Two years ago, after Jay Bradner made a remarkable breakthrough—the discovery of a molecule that, in mice, appeared to trick certain cancer cells into becoming normal cells—he did something unusual. Instead of huddling with lawyers to file for a patent on the molecule, Bradner simply gave his work away. Hoping to get the discovery into the hands of any scientist who could advance it, he published the structure of the compound (called JQ1) and mailed samples to labs around the world. The move, he says, felt like “the more efficient way to do science—and maybe the more honorable way.”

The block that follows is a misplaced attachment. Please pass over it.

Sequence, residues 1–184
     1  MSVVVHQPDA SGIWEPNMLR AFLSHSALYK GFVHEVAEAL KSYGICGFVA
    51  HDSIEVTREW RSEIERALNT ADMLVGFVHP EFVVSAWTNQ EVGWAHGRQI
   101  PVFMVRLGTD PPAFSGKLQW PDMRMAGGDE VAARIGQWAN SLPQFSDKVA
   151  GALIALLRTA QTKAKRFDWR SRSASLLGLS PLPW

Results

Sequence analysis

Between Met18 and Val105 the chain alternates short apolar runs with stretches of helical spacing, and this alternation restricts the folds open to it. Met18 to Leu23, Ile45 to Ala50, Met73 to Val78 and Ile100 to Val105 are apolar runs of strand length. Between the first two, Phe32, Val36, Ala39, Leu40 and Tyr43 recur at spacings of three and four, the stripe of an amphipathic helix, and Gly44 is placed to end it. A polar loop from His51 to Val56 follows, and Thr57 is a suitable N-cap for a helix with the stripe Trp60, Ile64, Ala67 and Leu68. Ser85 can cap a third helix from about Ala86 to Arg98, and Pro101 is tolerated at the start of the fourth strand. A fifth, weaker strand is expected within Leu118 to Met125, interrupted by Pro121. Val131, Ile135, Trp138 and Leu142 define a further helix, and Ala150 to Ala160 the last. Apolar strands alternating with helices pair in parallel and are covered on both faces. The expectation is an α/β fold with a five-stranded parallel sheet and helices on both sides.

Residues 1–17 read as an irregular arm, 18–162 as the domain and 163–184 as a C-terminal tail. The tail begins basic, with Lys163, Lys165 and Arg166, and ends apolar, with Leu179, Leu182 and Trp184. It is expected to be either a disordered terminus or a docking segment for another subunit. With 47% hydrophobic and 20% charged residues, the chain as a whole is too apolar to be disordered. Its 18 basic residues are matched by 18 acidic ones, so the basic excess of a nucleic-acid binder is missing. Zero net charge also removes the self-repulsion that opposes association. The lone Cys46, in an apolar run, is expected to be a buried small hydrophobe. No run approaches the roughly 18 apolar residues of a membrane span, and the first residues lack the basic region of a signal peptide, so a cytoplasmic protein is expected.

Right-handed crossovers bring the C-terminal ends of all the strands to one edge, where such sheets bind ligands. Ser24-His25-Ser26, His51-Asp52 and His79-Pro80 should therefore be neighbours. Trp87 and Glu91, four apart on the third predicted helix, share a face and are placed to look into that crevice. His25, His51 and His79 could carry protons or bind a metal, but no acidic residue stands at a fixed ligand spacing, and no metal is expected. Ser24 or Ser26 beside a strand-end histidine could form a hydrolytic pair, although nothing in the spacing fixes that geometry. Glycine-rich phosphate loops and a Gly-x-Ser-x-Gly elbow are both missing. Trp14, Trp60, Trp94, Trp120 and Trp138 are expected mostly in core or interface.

The open-source approach Bradner adopted is revolutionary in a culture where discoveries are kept secret, often until they can be tested, manufactured, and sold as treatments—a cruelly long process in the face of the cancers he studies.
The monopoly on developing the molecule that Bradner walked away from would likely have been worth a fortune (last year, the median value for U.S.-based biotech companies was $370 million). Now four companies are building on his discovery—which delights Bradner, who this year released four new molecules. “For years, drug discovery has been a dark art performed behind closed doors with the shades pulled,” he says. “I would be greatly satisfied if the example of this research contributed to a change in the culture of drug discovery.”